Cubs International Director Louie Eljaua Dishes on Newest International Free Agent Class

Things have been a little bit different since Theo Epstein left the Cubs. During his time as president of baseball operations, Epstein tended to do most of the talking when it came to addressing the media. You would hear Jed Hoyer on the radio or see him on TV from time to time, but it was rare to hear anyone else other from the organization other than maybe Jason McLeod. The three amigos used to provide all the soundbites, with one voice easily talking most and loudest.

As the organization shifts around in the wake of Epstein’s departure, however, we’re already starting to hear from more of the individuals in charge of various segments. Matt Dorey, the Cubs’ vice president of player development, has dished on various prospects and plans as a regular guest on podcasts and radio shows. Assistant general manager and vice president of pitching Craig Breslow has also been making the rounds

On Saturday morning, Louie Eljaua, the Cubs‘ director of international operations, appeared on 670 The Score’s  “Inside the Clubhouse to talk about the recent class of international free agent signings headlined by Cristian Hernandez. It was quite an entertaining interview and offered insight into the international market in the time of COVID-19.

According to Eljaua, who has 29 years of experience and was responsible for signing Miguel Cabrera to the Marlins out of Venezuela, the Cubs have 24 verbal commitments from international players so far. Some of them have not been signed in large part due to travel restrictions that have prevented them from taking physicals. Though that number is much higher than what’s been reported so far, the Cubs usually sign 30-40 players during a given year. Most of those sign for such low sums that they barely register on most radars.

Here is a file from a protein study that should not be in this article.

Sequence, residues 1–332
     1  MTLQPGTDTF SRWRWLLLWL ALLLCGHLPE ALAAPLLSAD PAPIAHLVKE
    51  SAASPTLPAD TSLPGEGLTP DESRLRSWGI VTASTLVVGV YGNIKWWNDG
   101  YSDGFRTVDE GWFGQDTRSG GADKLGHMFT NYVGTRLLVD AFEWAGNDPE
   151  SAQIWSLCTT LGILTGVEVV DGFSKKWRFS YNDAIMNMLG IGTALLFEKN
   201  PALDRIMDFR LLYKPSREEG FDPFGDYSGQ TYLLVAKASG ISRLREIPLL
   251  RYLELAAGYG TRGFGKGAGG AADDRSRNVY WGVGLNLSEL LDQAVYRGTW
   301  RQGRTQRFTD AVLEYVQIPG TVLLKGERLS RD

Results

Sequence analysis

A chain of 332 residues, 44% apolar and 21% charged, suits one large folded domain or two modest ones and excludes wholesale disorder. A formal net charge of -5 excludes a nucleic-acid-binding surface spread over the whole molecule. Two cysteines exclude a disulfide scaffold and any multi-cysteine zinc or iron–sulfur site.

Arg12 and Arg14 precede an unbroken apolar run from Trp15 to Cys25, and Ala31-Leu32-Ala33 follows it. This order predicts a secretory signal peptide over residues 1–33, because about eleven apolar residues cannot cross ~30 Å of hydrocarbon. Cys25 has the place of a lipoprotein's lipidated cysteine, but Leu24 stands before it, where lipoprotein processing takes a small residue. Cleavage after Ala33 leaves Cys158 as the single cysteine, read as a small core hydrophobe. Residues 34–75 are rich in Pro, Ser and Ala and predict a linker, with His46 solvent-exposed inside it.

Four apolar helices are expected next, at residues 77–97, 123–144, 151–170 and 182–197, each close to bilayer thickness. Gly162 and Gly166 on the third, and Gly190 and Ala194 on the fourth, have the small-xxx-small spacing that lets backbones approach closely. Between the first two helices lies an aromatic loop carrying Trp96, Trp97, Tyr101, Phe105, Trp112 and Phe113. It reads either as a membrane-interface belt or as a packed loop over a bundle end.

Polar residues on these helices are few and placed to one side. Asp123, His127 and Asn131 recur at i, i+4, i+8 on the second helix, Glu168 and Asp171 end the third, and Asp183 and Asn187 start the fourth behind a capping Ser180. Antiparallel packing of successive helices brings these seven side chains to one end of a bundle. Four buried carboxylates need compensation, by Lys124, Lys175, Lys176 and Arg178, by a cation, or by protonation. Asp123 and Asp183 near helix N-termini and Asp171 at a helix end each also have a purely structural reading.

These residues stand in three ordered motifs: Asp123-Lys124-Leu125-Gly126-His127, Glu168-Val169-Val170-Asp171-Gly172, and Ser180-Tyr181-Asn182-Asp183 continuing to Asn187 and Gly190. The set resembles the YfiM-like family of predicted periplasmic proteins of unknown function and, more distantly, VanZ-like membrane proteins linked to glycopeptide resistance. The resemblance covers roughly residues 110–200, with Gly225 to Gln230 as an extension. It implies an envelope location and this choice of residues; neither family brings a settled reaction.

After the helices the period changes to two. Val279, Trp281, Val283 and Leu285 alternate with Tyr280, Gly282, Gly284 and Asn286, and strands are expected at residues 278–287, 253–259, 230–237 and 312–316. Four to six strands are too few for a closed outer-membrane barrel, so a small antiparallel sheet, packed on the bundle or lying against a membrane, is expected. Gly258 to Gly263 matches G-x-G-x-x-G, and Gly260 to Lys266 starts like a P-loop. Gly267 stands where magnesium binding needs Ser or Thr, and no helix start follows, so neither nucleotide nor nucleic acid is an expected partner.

Bruce Levine asked about left-handed pitcher Carlos Cabrera, but Eljaua could not talk about him because Cabrera has not officially signed…yet. Matt Spiegel then wasted no time getting to Hernandez and the Alex Rodriguez comps some have put out there.

Eljaua chose not to run with the comparison, but admitted that Hernandez physically resembles A-Rod to an extent. His body structure is kind of a cross between Rodriguez and Manny Machado, and he’s got plenty of room to grow into that frame as he just turned 17 in December. Hernandez’s skills “just jump off the page” and the Cubs are “as excited with signing him as anybody” in Eljaua’s tenure.

Even if Hernandez makes good on his physical projection, the thought right now is that his athleticism will allow him to stay at shortstop. As is true for many Latin ballplayers, Hernandez has grown up idolizing Javy Báez. In fact, the first question Hernandez had during his recruiting process was about Javy.

“It’s crazy how Javy is a silent recruiter for us,” Eljaua said.

Eljaua also talked about Moises Ballesteros, a catcher from Venezuela, gushing about how the young man never had a bad day at the plate every time the Cubs saw him. He was consistent, a little flashy, had great at-bats, and “showed everything we wanted to see from a kid his age and even beyond.”

Ballesteros also had consistent pop times of 1.85-1.95 seconds, for those who want to know a little bit about his defensive work.

Daniel Ferreira, an outfielder from the Dominican Republic, was compared to a young Raul Mondesi. Eljaua said the 5-foot-11 Ferreira will probably stay in center right now, but could easily move to the corners. His bat has a lot of potential as he matures and he’s already producing some of the highest exit velocities of anybody the Cubs scouted this past year.

As noted above, it could be a while before we get the final total of international free agents the Cubs have brought into the fold. Most of the players signed will head to the Cubs’ Dominican facility and have their spring training down there. I expect to see Hernandez and possibly Ballesteros and Ferreira receive invites to Mesa, where they will participate in extended spring training with the possibility of debuting in the Arizona Rookie League at 17 years old.

The youth of these players puts their impact way out on the horizon, but it’s not as though the Cubs are doing much to get us excited about the team in Chicago in the near future.

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